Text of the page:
Anyone using a search engine in the last decade will know all about the personalized ads that appear. We may rarely give them a second thought, but they are created by complex and finely-honed algorithms that gather vast amounts of data before delivering bespoke adverts for the type of things we are likely to want.
This new data-centric business model has led to the idea of data being the new oil: Data is now a commodity in its own right, and has the potential to alter the world in much the same way as oil shaped the dynamics of power in the 20th century.
Using data to power insight is no longer the preserve of tech companies. Today, every industry from healthcare to financial services is leveraging the exponential rise in computing power to sift through millions of bytes of data, hoping to transform business models and serve customers better.
Analysis of personal data has led to many positive outcomes, for example smart thermostats which reduce the use of fossil fuels or the creation of medical treatment plans tailored to a particular individual.
But there are also other issues to consider: We’re all users, owners and creators of data. In a hyperconnected world almost everything we do leaves a digital footprint, and yet we have much less control over how the data we produce is used.
A recent Tata Consultancy Services (TCS) Spark Salon, “My data profile: what will a world of mass personalization look like?”, delved into these topics:
In the series of videos below, four distinguished speakers outline their thoughts on how data is being used in the modern world.
From the prevention of illness to the managing of long-term conditions, data can help the healthcare industry.
“There’s lots of interesting work around early diagnosis and how we can use data to pick up potential conditions earlier,” explains Sinead MacManus, Senior Programme Manager in Digital Health, Nesta.
For those with cancer or diabetes, work is already underway to use data to create an individualized treatment plan, rather than a one-size-fits all approach.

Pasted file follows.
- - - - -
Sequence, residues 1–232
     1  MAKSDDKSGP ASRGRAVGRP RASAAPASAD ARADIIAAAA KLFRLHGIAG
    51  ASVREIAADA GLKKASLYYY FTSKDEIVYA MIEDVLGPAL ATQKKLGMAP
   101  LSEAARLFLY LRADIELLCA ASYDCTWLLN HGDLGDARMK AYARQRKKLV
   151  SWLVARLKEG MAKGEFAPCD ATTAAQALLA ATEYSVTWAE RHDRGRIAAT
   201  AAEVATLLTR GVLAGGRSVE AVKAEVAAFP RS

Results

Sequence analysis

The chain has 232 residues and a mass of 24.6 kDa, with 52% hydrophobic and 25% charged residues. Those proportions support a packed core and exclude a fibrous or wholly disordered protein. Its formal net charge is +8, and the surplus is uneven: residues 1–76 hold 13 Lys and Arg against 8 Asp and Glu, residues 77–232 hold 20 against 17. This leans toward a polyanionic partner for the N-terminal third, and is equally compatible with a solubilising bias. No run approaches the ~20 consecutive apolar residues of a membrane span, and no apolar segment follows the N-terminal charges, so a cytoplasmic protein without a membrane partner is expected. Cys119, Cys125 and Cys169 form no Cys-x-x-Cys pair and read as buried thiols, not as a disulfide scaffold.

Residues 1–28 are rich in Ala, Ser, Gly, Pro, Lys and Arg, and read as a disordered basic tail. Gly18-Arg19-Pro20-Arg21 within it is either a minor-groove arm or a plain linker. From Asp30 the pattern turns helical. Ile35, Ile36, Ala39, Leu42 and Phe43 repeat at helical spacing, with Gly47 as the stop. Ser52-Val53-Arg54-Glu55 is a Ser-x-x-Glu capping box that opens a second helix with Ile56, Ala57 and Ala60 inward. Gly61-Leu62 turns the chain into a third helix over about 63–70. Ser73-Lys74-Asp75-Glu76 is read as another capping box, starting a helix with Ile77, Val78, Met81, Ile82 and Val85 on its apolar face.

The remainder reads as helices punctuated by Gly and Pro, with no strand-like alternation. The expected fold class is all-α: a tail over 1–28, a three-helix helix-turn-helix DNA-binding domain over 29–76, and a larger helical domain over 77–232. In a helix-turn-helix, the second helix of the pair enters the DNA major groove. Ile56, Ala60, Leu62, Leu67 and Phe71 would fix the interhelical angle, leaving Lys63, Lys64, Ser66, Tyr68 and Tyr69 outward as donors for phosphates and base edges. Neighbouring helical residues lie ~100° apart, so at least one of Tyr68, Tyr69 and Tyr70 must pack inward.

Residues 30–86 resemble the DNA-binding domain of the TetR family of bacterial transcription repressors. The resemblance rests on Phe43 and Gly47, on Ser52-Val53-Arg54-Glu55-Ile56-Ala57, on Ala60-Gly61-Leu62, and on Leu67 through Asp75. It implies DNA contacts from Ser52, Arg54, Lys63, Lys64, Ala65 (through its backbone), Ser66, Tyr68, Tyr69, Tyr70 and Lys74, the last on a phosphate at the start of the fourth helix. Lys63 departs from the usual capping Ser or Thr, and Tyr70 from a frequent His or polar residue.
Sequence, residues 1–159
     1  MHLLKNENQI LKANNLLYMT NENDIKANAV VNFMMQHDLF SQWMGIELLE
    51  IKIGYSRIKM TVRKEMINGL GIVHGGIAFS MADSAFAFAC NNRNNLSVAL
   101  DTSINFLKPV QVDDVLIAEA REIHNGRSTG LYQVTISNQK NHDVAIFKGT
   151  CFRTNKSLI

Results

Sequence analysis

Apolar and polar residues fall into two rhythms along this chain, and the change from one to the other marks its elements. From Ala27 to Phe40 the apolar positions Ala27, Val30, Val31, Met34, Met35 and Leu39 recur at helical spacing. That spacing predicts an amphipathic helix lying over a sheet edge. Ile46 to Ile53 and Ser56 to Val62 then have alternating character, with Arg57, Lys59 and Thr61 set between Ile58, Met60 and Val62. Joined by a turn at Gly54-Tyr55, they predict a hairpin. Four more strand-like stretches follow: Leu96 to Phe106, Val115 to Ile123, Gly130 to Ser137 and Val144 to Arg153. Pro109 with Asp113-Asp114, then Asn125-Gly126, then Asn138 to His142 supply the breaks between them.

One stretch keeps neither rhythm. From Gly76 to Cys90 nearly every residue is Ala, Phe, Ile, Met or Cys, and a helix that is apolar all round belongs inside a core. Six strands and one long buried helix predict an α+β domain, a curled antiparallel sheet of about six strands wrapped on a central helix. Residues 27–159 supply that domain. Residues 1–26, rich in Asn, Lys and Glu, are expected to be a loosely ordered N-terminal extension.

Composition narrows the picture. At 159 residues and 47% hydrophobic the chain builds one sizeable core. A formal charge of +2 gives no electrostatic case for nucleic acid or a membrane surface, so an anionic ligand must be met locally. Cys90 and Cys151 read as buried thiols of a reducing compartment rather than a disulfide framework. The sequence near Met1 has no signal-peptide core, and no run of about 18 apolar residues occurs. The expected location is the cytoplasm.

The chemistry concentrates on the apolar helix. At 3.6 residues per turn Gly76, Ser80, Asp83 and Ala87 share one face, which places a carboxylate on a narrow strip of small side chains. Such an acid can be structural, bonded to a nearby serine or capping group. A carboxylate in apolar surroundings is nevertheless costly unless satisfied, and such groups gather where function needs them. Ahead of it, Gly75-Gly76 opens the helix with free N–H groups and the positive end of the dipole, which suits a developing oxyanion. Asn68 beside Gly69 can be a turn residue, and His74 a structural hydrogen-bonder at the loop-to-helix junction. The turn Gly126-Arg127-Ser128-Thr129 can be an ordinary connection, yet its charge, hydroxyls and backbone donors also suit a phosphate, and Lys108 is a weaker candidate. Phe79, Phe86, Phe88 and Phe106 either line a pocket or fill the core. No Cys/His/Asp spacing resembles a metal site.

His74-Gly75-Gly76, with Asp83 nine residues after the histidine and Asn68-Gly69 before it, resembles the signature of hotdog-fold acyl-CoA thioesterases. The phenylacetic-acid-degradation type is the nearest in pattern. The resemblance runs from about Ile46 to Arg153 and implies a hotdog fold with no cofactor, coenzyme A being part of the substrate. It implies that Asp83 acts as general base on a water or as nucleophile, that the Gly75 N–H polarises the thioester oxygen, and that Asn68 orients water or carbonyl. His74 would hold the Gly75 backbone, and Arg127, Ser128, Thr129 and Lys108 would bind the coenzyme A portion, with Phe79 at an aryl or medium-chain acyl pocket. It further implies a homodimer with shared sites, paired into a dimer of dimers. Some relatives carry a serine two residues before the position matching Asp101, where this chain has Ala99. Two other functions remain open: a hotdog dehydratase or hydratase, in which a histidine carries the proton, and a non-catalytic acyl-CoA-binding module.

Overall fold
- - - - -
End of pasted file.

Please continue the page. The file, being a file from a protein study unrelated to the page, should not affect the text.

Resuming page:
Relevant data covers areas such as genomics, lifestyle or even the microbiome, and could be used to predict who is particularly at risk of certain diseases or long-term conditions, allowing for earlier intervention.
Indeed, part of NHS England’s long-term plan is to link clinical, genomic and other data to support the development of new treatments.
TCS’ own Research and Innovation unit is currently patenting a new data-driven computer model called “Digital Skin” which could completely change the way drugs are delivered into the body, as well as reducing the need for animal testing in the years ahead.
Personal energy plans
With smart meters currently being rolled out across the UK, the infrastructure to support a systematic change in how we use energy is well on its way. While smart meters will help us understand how and when energy is used, smart devices will help us control our energy use much more effectively.
This, in turn, will have ramifications for energy suppliers.
“We are pretty close to having personal energy plans – energy which is supplied to a customer which meets the specific needs of that household rather than a standard energy tariff,” says Will Selby, Digital Innovation Manager, EDF Energy.
Armed with these insights, consumers will alter their consumption. Ultimately, Selby hopes this will have a knock-on effect on the UK’s reliance on gas or coal-based power stations.
The online social worker
Violence and extremism is a sad fact of life. But technology can help.
A start-up company called Moonshot told Spark Salon that technology can help the fight against extremism, using data to identify those at risk and understand their behavior.
“My work is underpinned by the fundamental belief that people are capable of change,” says Vidhya Ramalingham, Founder, Moonshot CVE.
Technology allows this to take place on a massive scale, potentially reaching tens of thousands of people. Relationships – fostered online – can lead to long term change for individuals, she says.
Balancing the equation of data
In this data-led world, how can we be sure that the benefits brought by that data are shared equally?
Consumers often give their data away for free, either because they understand that they will get a more personalized service as a result, or because they are unaware that they are doing so.
But Ved Sen, Digital Evangelist at TCS says that this is starting to change and that data could soon be commercialized.
“We are not too far away from a future where everyone gets rewarded every time someone else uses it,” he explains.